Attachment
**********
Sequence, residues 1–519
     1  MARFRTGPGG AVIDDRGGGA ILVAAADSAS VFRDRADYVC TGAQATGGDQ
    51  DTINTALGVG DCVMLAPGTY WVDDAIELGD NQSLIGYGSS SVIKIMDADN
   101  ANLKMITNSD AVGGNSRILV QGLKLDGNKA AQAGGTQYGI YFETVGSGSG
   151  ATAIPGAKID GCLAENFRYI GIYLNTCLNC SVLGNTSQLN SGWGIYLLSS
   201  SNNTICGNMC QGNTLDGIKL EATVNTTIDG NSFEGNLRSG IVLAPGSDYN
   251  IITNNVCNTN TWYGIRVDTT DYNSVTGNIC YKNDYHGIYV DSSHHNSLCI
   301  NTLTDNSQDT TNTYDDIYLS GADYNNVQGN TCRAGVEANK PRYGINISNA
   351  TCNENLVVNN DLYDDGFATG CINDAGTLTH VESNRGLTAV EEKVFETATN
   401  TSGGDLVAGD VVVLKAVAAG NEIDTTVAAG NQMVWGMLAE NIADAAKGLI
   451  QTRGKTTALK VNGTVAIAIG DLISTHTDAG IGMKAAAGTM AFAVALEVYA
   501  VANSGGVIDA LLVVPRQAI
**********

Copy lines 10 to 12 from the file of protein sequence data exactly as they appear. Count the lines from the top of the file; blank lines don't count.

   401  TSGGDLVAGD VVVLKAVAAG NEIDTTVAAG NQMVWGMLAE NIADAAKGLI
   451  QTRGKTTALK VNGTVAIAIG DLISTHTDAG IGMKAAAGTM AFAVALEVYA
   501  VANSGGVIDA LLVVPRQAI